• Month to month, contracts, sliding scale, etc: Some schools will charge their tuition fees on a month to month basis, where you can quit at any time. Some schools will use contracts that may range anywhere from 3 months to a year. Keep in mind that with contracts, you are responsible for paying the balance of the contract, even when your child does not attend. Again, I'll be honest....tuition for a martial arts school is sort of like college pay tuition, but its up to the student to attend classes. In college, if a student skips out on class or doesn't attend class for a week, the college is not liable to refund a day's worth or week's worth of tuition. If money is indeed an issue, ask if the school has sliding scale fees.....many schools do have sliding fees for low-income families. (At my school, we offer pro-rated tuition *only if* a student misses more than 2 classes a month if attending once a week, or will miss more than 4 classes in a month if attending 2 or 3 times per week. We give no refunds for missing class one or two nights due to a cold, school concert, football game, etc.)
  • Pay tuition on time: Its the parent's responsibility to know when tuition is due, not the child's responsibility. Many schools have a late fee for tuition paid after the due date, please respect that. Please don't back date a check when you put remit it late.....schools will generally post a tuition payment based on the date received, not when the check is dated. Usually, schools will give a few days leeway, but if you remit tuition 2 weeks late and back date the check, what example does that set for the child? The staff at martial arts schools will gladly take into consideration any financial difficulties you may have, so if you have an emergency expense or bill and can't pay tuition on time, let the staff know. I'm sure the staff will work something out with you (payment plan, etc), and sometimes even waiving the late fee.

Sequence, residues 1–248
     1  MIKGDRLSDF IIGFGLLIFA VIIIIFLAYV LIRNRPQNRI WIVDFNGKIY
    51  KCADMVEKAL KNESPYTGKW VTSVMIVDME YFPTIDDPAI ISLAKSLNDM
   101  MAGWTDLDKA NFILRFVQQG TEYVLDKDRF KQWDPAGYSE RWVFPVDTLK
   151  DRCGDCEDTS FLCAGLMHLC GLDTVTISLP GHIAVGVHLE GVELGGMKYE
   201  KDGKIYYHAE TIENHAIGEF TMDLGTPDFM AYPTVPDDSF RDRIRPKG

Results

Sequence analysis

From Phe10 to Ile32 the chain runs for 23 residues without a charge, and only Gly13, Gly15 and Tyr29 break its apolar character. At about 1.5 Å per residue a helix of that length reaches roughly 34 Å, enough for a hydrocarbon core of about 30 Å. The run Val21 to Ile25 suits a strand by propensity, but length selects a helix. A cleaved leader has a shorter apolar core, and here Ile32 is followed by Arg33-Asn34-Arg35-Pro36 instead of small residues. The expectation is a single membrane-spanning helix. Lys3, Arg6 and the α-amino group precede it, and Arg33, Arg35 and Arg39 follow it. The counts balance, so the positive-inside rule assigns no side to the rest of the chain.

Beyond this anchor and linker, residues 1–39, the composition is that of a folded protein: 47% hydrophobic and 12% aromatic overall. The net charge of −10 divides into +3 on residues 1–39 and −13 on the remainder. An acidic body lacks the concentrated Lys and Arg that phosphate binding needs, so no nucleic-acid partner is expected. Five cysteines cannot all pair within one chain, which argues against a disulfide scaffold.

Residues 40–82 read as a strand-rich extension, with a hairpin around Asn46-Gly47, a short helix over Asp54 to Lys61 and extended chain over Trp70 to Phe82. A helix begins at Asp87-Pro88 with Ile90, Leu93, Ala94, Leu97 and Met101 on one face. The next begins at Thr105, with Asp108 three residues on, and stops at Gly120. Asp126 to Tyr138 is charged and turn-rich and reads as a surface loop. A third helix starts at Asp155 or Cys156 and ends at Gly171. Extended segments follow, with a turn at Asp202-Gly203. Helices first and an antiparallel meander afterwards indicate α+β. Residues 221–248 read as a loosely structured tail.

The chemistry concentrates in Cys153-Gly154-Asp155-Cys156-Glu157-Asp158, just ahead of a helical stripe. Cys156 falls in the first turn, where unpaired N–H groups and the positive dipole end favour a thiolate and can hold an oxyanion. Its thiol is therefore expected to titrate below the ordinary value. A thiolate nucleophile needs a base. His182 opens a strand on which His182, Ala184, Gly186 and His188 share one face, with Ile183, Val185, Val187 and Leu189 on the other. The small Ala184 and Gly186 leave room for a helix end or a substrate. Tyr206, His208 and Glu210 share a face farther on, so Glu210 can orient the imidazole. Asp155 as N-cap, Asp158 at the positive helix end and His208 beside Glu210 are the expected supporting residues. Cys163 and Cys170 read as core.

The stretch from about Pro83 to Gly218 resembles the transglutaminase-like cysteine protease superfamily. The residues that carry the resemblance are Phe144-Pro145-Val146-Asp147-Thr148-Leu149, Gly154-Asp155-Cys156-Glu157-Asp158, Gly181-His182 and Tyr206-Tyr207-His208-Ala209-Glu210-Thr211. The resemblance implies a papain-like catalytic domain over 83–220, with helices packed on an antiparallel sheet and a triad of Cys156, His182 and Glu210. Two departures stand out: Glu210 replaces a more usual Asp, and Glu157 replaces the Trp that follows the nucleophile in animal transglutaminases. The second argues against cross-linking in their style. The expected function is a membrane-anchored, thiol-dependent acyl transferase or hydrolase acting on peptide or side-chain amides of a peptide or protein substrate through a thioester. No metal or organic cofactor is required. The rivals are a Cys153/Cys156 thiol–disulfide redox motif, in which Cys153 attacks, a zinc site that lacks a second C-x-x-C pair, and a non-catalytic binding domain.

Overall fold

• Get to know your child's martial arts style and support your child's endeavors: You don't necessarily have to take classes, but at least know the basic information about your child's class. If your child is in a Judo class, please don't use the general term "Karate" for it. If your child's school has periodic "recitals", try to attend them. Watch a class periodically to show your child you support their progress. (of course, ask your child if you can watch. Some children prefer to have their class time as "their" time without parents watching. Respect that if that's what your child wishes). Or, on the ride home, ask something like "You said last week that Sensei might show you more moves of Pinan 4....did you learn new moves today? Can't wait to see the new moves if you want to show me and Dad....". Things like that, show your child you support them in what they do.